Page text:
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Q and A: Bob Kelly, Ground Zero Firefighter, Shares Thoughts on 9/11

Says Kelly: "It’s that wound that never heals – by having it always exposed like that, it puts it to the surface again."

Bob Kelly, 53, said he remembers Sept. 11, 2001 "pretty good."

But upon talking about the day 10 years ago, when the former New York City firefighter found himself at Ground Zero, it's clear he hasn't forgotten much.

Kelly owns a summer home in Reeves Park. His younger brother, Tommy, lived in Riverhead full-time, and was one of seven members of Engine 219, Ladder 105 to lose their lives in the World Trade Center attacks.

Kelly recently sat down with Riverhead Patch about his thoughts on the upcoming 10-year anniversary of 9/11.

What has it been like recently as we approach the 10-year anniversary?

This year’s been different no doubt. There’s been a lot of activity, a lot of people reaching out, looking for information. It kind of like came on sooner this year. Usually anniversary and events we deal with usually start around the end of August and we run through. This year it’s almost been going on since May.

Who's asking beyond media?

You have media, family, friends, extended family. And they all mean well. We just had folks up from Texas and they wanted to come in to go see the World Trade Center and talk about it. They mean well. It’s just it’s a difficult thing. It’s that wound that never heals – by having it always exposed like that, it puts it to the surface again.

How clearly do you remember everything from that day?

I remember it pretty good. I was coming into work for a day tour, for the morning. I heard about it on the AM radio that there was an apparent plane that crashed into the World Trade Center. I got into the station and saw right away it was going to be a bad day. Even if it was an accident, a bad fire – you’re thinking civilian fatalities no doubt. We were in kitchen of firehouse watching it on TV. And within a few minutes we all pretty much came to the conclusion that it wasn’t an accident. You could see by amount of fire – you could see from the volume of fire that it was a pretty major incident.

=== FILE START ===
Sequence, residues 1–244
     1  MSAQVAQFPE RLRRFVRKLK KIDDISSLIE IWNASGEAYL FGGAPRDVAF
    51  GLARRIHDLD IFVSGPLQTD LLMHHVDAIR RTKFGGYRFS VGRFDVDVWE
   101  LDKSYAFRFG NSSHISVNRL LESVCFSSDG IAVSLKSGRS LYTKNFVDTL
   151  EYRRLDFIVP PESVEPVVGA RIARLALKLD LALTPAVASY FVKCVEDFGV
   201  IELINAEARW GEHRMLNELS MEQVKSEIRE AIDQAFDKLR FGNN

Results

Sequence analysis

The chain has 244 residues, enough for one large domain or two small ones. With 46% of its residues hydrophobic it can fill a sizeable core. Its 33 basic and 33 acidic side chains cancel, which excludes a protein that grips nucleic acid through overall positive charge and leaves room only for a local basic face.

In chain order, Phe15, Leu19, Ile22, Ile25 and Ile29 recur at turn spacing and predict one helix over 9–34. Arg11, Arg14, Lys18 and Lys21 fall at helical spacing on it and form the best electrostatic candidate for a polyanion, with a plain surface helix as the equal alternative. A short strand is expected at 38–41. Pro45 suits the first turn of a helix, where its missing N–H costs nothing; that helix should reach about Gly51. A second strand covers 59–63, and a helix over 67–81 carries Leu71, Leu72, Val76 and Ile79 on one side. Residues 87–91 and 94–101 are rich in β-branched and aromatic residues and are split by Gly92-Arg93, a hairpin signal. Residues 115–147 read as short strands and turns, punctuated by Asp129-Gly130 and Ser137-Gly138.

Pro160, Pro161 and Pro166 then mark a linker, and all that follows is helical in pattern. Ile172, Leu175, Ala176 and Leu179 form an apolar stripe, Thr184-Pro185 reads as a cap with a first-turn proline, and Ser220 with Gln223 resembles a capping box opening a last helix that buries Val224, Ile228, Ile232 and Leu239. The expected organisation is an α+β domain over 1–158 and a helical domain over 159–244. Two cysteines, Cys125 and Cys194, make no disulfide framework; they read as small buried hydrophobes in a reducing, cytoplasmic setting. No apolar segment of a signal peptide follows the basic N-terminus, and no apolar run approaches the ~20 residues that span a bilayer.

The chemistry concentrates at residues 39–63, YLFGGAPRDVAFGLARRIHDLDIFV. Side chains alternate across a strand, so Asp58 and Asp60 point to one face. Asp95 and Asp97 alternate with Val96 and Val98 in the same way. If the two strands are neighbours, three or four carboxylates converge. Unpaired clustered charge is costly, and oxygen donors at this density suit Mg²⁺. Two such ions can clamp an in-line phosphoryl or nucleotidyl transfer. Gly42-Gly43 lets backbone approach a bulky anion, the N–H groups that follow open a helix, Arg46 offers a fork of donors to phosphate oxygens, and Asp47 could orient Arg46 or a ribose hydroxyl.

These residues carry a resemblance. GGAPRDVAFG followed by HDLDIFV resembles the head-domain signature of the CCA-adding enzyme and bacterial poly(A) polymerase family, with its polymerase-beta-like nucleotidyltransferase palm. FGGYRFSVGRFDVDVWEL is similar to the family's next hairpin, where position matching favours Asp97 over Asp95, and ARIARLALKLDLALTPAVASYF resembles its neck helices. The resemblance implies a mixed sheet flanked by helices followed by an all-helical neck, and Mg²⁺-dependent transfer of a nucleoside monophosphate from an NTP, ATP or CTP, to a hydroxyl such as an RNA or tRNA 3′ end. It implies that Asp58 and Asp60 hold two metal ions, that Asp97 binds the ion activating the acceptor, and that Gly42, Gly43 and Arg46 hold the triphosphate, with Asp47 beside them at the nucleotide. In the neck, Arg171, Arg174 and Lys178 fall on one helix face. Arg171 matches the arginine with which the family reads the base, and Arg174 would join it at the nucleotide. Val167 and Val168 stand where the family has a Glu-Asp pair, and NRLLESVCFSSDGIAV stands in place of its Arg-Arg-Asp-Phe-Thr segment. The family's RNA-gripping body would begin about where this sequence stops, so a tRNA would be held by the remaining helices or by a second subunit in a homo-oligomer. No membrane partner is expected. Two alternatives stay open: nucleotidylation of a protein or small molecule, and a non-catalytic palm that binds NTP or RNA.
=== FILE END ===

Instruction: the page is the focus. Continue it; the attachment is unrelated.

So we got ready for the tour and shortly after that I said, ‘Let me give my brother a call and see how he’s doing.’ Because I knew he was working that night and into that day. And working in Park Slope, where he worked, I was pretty sure they would be responding and getting over there pretty soon. So I called the fire house – and he had already left. I kind of wanted to tell him be careful and just take it easy out there. So I never really got to talk to him about it.

Do you remember the last thing you said to him before that?

We were on the beach. “I’ll see ya later,” you know? “Take it easy.” It was Labor Day weekend, we were having a good time. Tommy lived 2 doors down. On the beach, enjoying the end of the summer together, you know. Pretty much, “I’ll catch you back at work.”

What was like for you in months after 9/11?

I was detached. I spent pretty much the whole time down there working while the site was open doing recovery work. I actually became part of the counseling unit, was doing peer work with the guys down there also. We had a really good support system – the fire department did, thank God. They were able to get a grasp on the right away.

It definitely consumes a big part of your life. It was like the main focus of what we did every day for seven, eight months. It was a long time, you know. And I was literally down there 5 out of 7 days a week if you add it up.

What has it been like as someone who was down there that day and so closely affected to watch all the coverage, to watch everything 9/11-related?

You try to tune it off a lot. It’s kind of like a double-edged sword. You’re curious but it just gets overwhelming. Certain things definitely trigger some of the more difficult memories and some of the more difficult times.

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